Other examples include Docebo and Thought Industries.

  • Knowledge Bases: tools for knowledge management need not only be internal-facing. Online knowledge bases provide customers with searchable directories about a company’s products, access to frequently asked questions, troubleshooting information and other details all aimed at delivering a better user experience.
  • Example – Document360: backed by a powerful, AI-based, real-time search function, Document360 allows users to create a well-organized, self-service knowledge base. With customers keen to source what they want as quickly as possible, the AI search engine can retrieve relevant results in a fraction of milliseconds despite the huge volume of articles housed in the knowledge base. Document360 also features search analytics, allowing frequently searched keywords to not only appear but also show how certain ‘search keywords’ are used. The simple user interface makes it easy for businesses to manage and organize documents, while SEO features help their knowledge bases rank higher in search engines.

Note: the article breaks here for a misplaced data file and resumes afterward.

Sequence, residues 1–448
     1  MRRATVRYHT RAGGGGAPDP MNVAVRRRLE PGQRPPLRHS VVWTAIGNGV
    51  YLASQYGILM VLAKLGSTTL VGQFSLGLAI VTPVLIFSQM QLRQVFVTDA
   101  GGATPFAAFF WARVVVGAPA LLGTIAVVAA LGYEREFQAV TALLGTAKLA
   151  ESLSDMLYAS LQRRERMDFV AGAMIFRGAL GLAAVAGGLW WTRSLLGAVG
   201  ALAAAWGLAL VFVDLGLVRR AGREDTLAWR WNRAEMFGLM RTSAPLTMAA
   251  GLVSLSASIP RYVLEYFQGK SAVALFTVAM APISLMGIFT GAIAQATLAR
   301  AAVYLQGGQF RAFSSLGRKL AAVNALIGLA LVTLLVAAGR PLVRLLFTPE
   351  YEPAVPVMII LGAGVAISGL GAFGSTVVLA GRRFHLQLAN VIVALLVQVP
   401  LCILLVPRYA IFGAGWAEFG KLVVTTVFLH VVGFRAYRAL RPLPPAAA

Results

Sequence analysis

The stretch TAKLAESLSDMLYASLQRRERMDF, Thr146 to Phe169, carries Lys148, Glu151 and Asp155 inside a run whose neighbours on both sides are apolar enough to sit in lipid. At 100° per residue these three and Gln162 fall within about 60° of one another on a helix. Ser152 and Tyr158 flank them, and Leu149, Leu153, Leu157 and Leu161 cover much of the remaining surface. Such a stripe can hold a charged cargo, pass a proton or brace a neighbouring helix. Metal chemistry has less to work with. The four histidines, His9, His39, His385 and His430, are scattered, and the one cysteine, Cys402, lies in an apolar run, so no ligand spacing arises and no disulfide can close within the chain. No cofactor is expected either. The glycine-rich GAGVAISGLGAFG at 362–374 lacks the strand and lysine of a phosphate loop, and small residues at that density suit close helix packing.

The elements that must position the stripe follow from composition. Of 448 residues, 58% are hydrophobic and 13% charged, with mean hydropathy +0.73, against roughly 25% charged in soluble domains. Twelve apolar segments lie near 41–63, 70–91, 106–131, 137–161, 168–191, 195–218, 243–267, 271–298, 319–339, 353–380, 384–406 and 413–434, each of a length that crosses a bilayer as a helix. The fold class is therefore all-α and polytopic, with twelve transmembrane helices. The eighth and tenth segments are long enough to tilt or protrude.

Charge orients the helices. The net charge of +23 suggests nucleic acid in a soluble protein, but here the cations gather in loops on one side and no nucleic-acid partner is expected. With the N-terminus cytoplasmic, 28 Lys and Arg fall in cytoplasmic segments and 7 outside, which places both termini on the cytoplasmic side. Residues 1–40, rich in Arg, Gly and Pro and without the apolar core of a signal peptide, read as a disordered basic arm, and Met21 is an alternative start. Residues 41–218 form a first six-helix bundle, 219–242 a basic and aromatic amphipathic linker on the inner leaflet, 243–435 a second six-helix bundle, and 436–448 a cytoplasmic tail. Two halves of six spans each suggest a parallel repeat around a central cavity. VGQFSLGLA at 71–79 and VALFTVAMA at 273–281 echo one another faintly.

Other examples include Freshdesk and ProProfs Knowledge Base.

Time to take the next step …

As countless employees and customers will testify, knowledge management software tools have a vital role to play no matter how large or small an organization is. The key is to take the time to research the various types of tools, the specific products on the market and ultimately to create an entire knowledge management program.